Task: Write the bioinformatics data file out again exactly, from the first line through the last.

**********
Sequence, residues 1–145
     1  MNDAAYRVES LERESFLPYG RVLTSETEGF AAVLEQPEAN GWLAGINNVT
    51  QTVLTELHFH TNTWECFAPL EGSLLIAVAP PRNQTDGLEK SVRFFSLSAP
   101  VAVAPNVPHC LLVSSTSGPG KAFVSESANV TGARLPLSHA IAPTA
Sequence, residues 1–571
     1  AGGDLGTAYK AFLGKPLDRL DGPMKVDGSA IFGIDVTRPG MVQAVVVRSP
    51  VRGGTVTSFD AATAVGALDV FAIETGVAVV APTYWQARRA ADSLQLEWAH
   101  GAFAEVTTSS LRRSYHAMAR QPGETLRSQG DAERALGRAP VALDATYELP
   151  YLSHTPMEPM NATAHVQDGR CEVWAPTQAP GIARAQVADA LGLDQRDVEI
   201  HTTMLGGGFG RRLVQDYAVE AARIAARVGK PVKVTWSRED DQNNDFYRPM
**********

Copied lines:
Sequence, residues 1–145
     1  MNDAAYRVES LERESFLPYG RVLTSETEGF AAVLEQPEAN GWLAGINNVT
    51  QTVLTELHFH TNTWECFAPL EGSLLIAVAP PRNQTDGLEK SVRFFSLSAP
   101  VAVAPNVPHC LLVSSTSGPG KAFVSESANV TGARLPLSHA IAPTA
Sequence, residues 1–571
     1  AGGDLGTAYK AFLGKPLDRL DGPMKVDGSA IFGIDVTRPG MVQAVVVRSP
    51  VRGGTVTSFD AATAVGALDV FAIETGVAVV APTYWQARRA ADSLQLEWAH
   101  GAFAEVTTSS LRRSYHAMAR QPGETLRSQG DAERALGRAP VALDATYELP
   151  YLSHTPMEPM NATAHVQDGR CEVWAPTQAP GIARAQVADA LGLDQRDVEI
   201  HTTMLGGGFG RRLVQDYAVE AARIAARVGK PVKVTWSRED DQNNDFYRPM